ROTC Shines in Annual Inspection as Cadets March to Perfection


Chelsea-Nicole Newtown, Contributing Writer

Measurements and ranks. General orders and the chain of command. Honor, courage, commitment. All of these terms bounce around the average cadet’s head on Thursday, December 15, 2022, as they nervously await to be inspected by Captain James Prouty. Annual Management Inspection occurs every year, but it is way more than simply missing a few class periods to put on a uniform and stand at attention. The process began way earlier than that rainy Thursday. In fact, the journey started all the way back in August, before the first day of school.
Every year in August, a brief camp called Basic Leadership Training, led by senior cadets, is held for interested incoming cadets. There, they are given the chance to rank up before the rest of the incoming cadets. They learn a little bit about the program and skills like basic drill movements and the different jobs that there are in JROTC.
The purpose of AMI, or Annual Management Inspection, is to showcase the unit and all of its accomplishments, ranging from outstanding uniform wear, to drill demonstrations, to planning and organization. So it would make sense that from the first day of school, class time is mostly about getting ready for AMI. Cadets learn a list of eleven General Orders, memorize the Navy chain of command, and practice using the correct measurements for the pieces on their uniforms. When it comes to uniformity, perfection is expected. Every other Thursday, all cadets are expected to enter and exit the building in uniform. On those days, during class, uniform inspection is carried out by senior cadets, very similar to how they would be evaluated by the inspector on the day of AMI. The individual inspecting alternates every other year between Commander Jimmie Miller, the Area Four Manager, and a guest inspector.
This year’s guest inspector is actually from our very own Bear Country. Captain James Prouty graduated from Brewster High School in the class of 1992, and was the CMC (Command Master Chief) of the Brewster NJROTC unit at the time. In the same year, he enlisted in the United States Navy as an electronics technician. After completing the submarine training pipeline, he reported aboard USS Annapolis (SSN 760) and deployed to the Mediterranean in 1994. He graduated from the Naval Academy in 2000, served on many ships, including the USS Henry M. Jackson and the PCU Illinois, and then graduated from the Naval Postgraduate School. It was Captain Prouty who proposed the idea of returning to Brewster to inspect the unit himself, to which we were deeply honored.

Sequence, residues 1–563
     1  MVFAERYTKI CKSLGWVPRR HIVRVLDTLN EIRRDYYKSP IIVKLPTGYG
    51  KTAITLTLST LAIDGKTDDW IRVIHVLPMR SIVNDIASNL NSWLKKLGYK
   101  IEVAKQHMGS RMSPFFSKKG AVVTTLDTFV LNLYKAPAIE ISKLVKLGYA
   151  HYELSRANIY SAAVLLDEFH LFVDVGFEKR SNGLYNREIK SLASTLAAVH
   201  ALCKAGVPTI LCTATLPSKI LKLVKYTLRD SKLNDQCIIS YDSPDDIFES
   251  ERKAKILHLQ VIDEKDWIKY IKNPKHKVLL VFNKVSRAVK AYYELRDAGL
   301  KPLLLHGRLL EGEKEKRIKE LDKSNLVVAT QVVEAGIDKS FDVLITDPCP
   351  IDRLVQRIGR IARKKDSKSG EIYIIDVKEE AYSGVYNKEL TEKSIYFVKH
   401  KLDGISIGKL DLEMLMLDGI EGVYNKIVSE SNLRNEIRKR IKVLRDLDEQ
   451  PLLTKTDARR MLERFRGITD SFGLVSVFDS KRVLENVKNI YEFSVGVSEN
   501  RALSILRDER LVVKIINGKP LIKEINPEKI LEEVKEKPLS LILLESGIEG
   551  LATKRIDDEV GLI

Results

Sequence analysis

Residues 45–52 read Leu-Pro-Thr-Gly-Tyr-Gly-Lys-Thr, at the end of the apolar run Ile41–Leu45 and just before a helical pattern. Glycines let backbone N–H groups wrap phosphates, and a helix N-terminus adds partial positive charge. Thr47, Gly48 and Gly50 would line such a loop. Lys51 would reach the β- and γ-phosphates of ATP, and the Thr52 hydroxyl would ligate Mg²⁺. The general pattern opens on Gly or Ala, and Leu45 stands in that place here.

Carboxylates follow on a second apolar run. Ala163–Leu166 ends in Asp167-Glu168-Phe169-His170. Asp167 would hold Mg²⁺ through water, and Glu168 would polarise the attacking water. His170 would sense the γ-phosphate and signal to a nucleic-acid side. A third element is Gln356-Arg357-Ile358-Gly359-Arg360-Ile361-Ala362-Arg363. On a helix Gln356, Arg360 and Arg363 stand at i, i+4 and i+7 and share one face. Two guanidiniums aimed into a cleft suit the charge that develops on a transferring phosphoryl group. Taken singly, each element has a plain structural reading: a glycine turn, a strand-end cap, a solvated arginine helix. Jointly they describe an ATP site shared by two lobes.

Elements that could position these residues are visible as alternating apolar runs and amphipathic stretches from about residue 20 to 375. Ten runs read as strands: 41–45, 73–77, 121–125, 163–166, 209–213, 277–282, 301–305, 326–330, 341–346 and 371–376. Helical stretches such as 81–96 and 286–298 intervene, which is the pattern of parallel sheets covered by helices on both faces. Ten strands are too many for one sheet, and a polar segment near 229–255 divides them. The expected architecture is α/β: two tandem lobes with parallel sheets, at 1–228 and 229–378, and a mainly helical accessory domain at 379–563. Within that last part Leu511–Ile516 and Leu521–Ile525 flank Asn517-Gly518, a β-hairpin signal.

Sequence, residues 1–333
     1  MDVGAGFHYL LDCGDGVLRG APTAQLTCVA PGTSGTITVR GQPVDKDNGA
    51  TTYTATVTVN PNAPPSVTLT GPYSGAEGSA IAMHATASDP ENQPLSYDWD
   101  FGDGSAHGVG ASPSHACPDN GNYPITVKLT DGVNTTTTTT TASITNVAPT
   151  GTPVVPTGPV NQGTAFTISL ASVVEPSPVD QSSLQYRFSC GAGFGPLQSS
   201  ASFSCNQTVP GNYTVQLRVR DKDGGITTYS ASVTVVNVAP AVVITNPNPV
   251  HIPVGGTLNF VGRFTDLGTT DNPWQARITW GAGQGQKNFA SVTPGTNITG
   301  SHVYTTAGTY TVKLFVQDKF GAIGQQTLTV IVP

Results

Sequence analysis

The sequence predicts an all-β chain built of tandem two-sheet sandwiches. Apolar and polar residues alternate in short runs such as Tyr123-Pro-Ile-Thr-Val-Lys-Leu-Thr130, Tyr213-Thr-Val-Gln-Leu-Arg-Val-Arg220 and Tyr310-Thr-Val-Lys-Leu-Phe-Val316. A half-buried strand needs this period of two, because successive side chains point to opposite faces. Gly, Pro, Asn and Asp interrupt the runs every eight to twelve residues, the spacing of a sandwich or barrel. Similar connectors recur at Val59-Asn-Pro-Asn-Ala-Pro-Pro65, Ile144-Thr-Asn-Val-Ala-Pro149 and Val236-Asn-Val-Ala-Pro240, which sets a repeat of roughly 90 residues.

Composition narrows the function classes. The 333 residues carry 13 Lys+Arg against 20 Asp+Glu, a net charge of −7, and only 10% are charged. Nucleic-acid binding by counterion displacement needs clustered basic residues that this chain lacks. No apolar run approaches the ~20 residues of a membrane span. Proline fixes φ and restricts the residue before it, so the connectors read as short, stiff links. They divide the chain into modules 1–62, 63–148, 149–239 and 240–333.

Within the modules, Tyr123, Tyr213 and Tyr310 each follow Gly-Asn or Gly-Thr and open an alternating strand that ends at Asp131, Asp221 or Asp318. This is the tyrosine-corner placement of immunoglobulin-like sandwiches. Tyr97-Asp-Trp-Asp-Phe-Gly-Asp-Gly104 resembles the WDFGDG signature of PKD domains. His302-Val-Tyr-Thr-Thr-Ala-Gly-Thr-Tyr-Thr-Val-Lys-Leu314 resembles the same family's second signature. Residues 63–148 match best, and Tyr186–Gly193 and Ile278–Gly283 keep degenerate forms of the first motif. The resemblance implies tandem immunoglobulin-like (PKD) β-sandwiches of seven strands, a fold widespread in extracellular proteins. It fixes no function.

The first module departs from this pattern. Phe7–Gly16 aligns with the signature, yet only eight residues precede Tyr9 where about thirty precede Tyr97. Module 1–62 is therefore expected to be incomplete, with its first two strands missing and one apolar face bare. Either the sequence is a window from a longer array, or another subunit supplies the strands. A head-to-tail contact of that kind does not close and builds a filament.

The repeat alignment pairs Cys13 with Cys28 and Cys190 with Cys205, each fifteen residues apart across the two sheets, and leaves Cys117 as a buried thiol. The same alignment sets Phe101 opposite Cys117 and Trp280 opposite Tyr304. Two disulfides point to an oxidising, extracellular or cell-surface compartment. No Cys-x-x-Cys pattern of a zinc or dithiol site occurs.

The inspection itself went quite well. The individuals from each platoon were graded on their uniform wear. The grades ranged from below average, followed by average, above average, and outstanding being the best. After the personal inspection, a ceremony called the Pass and Review followed, which was led by the triad, cadet Commanding Officer Emma Bridges, cadet Executive Officer Madison Lynch, and cadet Command Master Chief Chelsea Newton, and narrated by cadet Operations Officer Analiese Rigano. During the ceremony, first year cadets K. Chepel, P. Almodovar, S. Horth, D. Serafini, D. Linares K. Ramos, S. Barillas, M. Reyes, D. Hernandez, and D. Edwards were recognized for their cumulative outstanding uniform wear in class. Additionally, cadet Timothy Kolka was recognized for the meritorious achievement award. The armed drill team performed exceptionally well in their modified drill demonstration for Captain Prouty. In an interview with Commanding Officer Emma Bridges, she commented that she was, “really happy with how the unit did at AMI.” Humorously, she concluded that her favorite part of the day was, “during the Cadet Brief when Captain Prouty beat Pat Ford and Nick DiFabbio in a pull-up contest.”
A day to remember, indeed.